So if the story is a been-there-done-that affair, then what's the drawcard? In this case it's the inexplicably good cast. ARSENAL has gathered the big boys, most notably Nicolas Cage in his 11th film in two years - rivalling Eric Roberts and/or Michael Madsen for the title of DTV Star With The Greatest Output - Hell, he's even beaten Forest Whitaker to take the title of Oscar Winner Who's Starred In The Most Nonsense Award.
His brief turn in ARSENAL has him channeling his famously terrible performance for his brother Christopher Coppolla in the pastiche-riddled neo-noir Deadfall in '93 (he's even saved the wig by the look of it). If we're honest though, it's exactly up to the standard we've come to expect from the fallen star; over the top and unchecked. For all his faults, however, there's no denying Cage's stint is probably the best thing about the movie, although one can't help but wonder if it was Miller's design, or the Titan weight of the Oscar winner's presence that kept Cage off the leash, free to do as he pleased?
John Cusack also shows up, lending his name to the credits, presumably because his car needs new brakes, and while he isn't as over-the-top as Cage, his attention seems to be mostly on what the catering truck was serving for lunch. For a performer who is so effortlessly cool, John seems to be sleepwalking through his time in ARSENAL (and just as Cage found a new use for his Deadfall wig, Cusack also dusts off his Drive Hard baseball cap). Nevertheless we'll take a sleepwalking Cusack over no Cusack any day.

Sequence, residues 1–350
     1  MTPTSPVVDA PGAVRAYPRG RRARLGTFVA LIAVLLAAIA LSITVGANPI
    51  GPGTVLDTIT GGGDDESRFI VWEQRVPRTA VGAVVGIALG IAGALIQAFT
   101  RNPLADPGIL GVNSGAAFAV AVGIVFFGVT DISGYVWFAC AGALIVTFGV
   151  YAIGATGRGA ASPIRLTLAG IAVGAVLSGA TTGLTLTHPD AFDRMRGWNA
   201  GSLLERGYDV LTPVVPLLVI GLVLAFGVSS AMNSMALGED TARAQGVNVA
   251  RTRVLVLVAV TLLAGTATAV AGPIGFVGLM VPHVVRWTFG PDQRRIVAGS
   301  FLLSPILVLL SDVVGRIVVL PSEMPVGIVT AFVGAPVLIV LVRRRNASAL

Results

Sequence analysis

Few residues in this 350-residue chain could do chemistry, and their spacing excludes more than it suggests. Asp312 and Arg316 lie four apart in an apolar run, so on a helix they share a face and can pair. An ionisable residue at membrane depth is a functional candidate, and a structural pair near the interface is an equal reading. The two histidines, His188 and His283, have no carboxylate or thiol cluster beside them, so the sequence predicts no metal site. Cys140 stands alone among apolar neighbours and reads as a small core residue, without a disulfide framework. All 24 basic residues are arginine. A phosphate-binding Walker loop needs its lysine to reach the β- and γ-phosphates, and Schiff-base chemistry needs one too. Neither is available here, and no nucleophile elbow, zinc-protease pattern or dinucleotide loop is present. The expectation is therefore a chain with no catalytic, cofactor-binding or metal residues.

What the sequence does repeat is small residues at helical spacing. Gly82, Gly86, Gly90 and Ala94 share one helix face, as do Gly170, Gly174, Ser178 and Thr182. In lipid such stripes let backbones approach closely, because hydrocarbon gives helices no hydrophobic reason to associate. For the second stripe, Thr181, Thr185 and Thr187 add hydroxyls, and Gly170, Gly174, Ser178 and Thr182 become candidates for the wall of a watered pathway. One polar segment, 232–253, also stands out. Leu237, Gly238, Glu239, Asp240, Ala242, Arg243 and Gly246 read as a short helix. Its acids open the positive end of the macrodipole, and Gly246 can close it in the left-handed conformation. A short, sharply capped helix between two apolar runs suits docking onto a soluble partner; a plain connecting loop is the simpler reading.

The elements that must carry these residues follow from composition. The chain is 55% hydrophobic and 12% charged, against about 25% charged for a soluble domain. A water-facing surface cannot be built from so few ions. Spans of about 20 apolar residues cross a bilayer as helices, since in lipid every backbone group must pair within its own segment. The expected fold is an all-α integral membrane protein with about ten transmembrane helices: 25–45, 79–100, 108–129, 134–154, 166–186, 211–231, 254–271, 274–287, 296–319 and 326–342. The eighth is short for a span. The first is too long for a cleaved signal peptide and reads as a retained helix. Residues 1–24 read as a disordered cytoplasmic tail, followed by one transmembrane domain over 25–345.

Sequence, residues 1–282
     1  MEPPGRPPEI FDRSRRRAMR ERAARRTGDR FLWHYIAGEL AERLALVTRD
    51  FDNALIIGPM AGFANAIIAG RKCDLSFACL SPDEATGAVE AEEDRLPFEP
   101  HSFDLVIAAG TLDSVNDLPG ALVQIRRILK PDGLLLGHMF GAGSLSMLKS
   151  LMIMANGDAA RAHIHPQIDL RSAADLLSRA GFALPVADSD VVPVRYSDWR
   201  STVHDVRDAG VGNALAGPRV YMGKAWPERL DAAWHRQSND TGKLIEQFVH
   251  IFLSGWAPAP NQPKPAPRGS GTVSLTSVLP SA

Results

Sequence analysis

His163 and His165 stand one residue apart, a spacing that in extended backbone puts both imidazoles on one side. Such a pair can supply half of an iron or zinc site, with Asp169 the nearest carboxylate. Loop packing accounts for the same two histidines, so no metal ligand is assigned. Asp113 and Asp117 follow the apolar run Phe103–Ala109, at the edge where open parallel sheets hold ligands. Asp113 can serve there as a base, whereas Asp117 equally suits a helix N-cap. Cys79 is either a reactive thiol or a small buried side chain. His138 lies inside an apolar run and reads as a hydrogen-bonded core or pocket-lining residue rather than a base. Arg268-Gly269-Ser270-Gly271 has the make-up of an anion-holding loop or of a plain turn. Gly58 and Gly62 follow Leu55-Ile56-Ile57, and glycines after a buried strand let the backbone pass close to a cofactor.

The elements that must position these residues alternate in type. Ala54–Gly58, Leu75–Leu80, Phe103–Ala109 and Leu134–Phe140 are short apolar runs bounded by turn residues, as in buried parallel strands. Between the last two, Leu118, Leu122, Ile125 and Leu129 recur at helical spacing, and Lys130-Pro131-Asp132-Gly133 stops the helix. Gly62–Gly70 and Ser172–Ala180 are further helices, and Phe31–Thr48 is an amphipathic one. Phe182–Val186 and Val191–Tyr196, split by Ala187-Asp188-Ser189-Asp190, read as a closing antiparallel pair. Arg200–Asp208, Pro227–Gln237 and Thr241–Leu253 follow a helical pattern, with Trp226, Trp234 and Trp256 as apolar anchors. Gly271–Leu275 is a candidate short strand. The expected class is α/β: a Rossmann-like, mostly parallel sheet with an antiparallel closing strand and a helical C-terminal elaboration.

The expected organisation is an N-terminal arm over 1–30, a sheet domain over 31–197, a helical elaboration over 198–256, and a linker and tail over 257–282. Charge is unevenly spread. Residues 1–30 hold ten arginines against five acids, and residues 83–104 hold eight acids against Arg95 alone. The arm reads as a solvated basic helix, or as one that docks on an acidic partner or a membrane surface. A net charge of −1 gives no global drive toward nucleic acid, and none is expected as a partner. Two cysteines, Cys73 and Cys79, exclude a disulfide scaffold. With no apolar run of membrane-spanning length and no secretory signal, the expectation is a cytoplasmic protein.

Which brings us to Adrian Grenier, former star of Entourage who just can't seem to get any momentum behind him since the HBO show came to a close in 2011 (yeah, it really was that long ago). He is totally miscast as a bitter, exhausted good-guy when in reality he still looks like a frat-boy cruising for chicks on the weekend.
Performances aside the one thing ARSENAL does have going for is its wickedly stylish design. As with almost every Steven C. Miller output (with the exception of Marauders), his substance may be lacking but his eye for a frame is keen. Teaming with director-of-photography Brandon Cox for the third time (their fourth collaboration is due to land imminently) they have delivered another uber-stylish entry into the action cannon. Cox clearly has an eye for action and he captures ARSENAL's surprising brutal sequences with a strange, simple beauty.
Action junkies will have a field day with the R18+ shenanigans, and Cage's off-kilter performance provides a curiosity but there's very little else to watch ARSENAL for.
And so comes IT, the second screen adaptation of King's seminal novel of the same name. People over the age of 30 will be familiar with the story, having read the novel or having seen the hugely popular 1990 miniseries starring Tim Curry as Pennywise the Dancing Clown. That film has earned itself the reputation of being the ultimate vex for caulrophobes (people who are terrified of clowns) and while it would be easy to hold it up for comparison to this new version, it's important to seperate the two. This is not a remake, but rather a new interpretation of the popular novel, and with that I must try to disregard the 1990 movie entirely...